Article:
Use percentiles to analyze application performance

The most common metric used in monitoring or analyzing an application is averages, simply because they are easy to understand and calculate. This topic shows why percentiles are better than averages.

The average response time

This is the most commonly used metric in application performance management. The average response time represents a normal transaction only when the response time is always the same (that is, all transactions run at equal speed) or the response time distribution is roughly bell curved.

the bell curve

In a bell curve, the average (mean) and median are the same, which means that the observed performance represents only the majority of the transactions.

However, in reality, most applications have fewer heavy outliers, also known as a long tail. A long tail does not imply many slow transactions but only a few that are slower than the norm.

a long tail

An average does not represent the bulk of transactions but can be a lot higher than the median, which may not be a problem as long as the average doesn't look better than the median. Let's use an real-world scenario to understand this better:

response time distribution

In this case, a considerable percentage of transactions is very fast (10-20 percent) while the bulk of them are several times slower. While the median represents the true story, the average suddenly looks a lot faster than the actual speed of the transactions. This is very typical in search engines when caches are involved; some transactions are super fast but the bulk of them are normal. Another example of this scenario is failed transactions, specifically transactions that failed fast. Most real-world applications have a failure rate of 1-10 percent due to user and validation errors. These failed transactions are often magnitudes faster than the real ones and consequently distort the average.

Performance analysts try to compensate with higher frequency charts by looking at smaller aggregates visually and by considering minimum and maximum observed response times. However, to do this, an in-depth understanding of the product is required. This is why, percentiles are a much better metric.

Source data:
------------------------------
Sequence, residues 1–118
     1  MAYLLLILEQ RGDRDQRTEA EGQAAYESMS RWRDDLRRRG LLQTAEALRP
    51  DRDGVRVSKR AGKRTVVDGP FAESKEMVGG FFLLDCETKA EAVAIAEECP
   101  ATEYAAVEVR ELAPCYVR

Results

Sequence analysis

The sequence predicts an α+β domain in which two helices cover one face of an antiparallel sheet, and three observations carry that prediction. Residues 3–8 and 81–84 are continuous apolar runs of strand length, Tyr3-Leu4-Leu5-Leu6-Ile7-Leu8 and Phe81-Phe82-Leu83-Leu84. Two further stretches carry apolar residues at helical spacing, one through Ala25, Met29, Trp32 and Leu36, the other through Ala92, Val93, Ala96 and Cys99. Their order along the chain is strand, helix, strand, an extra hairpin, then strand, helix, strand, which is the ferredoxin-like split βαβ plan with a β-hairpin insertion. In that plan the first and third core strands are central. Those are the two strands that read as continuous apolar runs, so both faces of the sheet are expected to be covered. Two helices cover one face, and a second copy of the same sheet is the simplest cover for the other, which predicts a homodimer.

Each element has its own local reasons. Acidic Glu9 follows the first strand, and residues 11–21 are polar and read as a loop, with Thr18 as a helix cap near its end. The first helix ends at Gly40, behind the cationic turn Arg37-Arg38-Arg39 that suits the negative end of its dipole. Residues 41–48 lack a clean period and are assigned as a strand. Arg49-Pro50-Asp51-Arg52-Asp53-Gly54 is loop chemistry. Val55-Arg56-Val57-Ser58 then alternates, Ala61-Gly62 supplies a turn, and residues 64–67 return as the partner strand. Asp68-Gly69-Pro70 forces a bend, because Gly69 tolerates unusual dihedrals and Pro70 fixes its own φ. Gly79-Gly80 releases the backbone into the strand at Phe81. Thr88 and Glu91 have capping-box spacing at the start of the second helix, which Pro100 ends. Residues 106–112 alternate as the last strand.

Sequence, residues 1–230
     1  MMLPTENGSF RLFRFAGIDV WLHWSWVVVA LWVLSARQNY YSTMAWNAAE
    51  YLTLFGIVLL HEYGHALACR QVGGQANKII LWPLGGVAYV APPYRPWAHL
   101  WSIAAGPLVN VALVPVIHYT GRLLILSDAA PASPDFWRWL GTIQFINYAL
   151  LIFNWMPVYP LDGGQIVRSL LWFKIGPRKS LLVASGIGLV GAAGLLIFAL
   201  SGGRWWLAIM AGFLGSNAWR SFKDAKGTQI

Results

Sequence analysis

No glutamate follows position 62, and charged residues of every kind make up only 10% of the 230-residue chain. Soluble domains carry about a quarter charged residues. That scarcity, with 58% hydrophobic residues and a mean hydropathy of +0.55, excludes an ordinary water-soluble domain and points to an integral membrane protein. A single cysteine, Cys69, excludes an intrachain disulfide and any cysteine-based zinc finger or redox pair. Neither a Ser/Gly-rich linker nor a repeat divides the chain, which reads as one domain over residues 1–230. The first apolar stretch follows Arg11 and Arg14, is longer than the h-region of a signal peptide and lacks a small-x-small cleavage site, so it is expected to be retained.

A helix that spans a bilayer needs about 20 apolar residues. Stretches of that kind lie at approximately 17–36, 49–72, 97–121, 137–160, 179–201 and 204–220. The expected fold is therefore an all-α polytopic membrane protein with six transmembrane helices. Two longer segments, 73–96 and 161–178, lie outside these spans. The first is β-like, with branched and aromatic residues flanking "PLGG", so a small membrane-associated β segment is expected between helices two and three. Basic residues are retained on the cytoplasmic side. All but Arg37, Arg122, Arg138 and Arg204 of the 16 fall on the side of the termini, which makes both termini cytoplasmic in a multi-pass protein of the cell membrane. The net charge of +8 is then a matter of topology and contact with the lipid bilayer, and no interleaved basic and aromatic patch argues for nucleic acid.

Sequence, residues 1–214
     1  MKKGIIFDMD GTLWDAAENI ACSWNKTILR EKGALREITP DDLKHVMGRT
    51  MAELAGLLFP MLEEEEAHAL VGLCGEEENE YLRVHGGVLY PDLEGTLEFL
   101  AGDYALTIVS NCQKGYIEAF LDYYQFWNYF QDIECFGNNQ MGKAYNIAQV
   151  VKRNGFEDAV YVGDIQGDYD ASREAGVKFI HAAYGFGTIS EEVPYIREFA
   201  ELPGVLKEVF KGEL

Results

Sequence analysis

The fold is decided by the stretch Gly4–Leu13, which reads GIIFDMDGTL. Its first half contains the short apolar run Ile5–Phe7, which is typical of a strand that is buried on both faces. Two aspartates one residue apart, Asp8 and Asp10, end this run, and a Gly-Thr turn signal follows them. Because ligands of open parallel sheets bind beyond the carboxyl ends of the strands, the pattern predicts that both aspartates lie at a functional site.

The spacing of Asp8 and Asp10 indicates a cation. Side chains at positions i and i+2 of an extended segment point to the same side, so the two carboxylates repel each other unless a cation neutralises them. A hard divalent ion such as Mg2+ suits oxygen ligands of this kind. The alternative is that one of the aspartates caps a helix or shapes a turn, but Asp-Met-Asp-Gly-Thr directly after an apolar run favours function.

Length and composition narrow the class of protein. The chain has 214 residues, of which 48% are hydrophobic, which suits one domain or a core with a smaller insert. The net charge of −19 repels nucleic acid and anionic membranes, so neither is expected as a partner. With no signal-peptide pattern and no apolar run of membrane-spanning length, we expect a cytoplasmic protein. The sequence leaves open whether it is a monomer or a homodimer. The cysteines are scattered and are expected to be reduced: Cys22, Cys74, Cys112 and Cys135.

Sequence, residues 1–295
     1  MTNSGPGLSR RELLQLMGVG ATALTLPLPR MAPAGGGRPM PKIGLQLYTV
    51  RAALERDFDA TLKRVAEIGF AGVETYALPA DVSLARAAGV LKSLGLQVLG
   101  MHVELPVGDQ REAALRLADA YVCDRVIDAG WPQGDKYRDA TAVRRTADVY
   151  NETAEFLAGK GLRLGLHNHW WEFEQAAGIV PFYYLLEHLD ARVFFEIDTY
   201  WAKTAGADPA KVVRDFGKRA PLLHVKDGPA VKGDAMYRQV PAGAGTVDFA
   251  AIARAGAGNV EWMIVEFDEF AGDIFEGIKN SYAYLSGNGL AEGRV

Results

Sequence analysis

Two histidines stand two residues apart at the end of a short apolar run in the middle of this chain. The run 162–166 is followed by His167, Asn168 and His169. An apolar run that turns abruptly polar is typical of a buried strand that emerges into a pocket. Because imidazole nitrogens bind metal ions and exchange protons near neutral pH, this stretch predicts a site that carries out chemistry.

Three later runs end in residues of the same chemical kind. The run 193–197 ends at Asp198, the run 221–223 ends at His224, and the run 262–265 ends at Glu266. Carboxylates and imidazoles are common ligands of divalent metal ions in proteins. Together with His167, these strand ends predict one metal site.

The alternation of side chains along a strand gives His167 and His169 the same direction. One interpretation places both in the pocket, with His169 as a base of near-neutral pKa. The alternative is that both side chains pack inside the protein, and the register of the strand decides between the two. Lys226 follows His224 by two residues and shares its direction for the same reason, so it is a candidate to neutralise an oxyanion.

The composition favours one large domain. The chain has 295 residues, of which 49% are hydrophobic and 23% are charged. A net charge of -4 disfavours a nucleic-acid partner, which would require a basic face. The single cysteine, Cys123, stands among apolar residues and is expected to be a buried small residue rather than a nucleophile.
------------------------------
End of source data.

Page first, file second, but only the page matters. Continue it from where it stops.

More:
Automatic baselining and alerting

In real-world environments, performance gets attention only when it is poor and has a negative impact on the business. However, each slow transaction cannot be alerted and manually setting thresholds for multiple applications can be quite cumbersome.

The answer to this is automatic baselining, which calculates the normal performance and sends alerts only when an application slows down or produces more errors than usual. Most approaches rely on averages and standard deviations.

Automatic baselining again, however, assumes that response times are distributed across a bell curve.

automatic baselining

Transactions that are outside 2 times the standard deviation are treated as slow and captured for analysis. An alert is raised only when the average moves significantly. In a bell curve, this accounts for the slowest 16.5 percent, which can be adjusted. However, if the response time distribution does not represent a bell curve it becomes inaccurate. In this case, a lot of false positives (transactions that are much slower than the average but fall within the norm) are alerted or a lot of problems (false negatives) are missed. Also, if the curve is not a bell curve, the average can differ a lot from the median. Applying a standard deviation to such an average can lead to quite a different result than expected.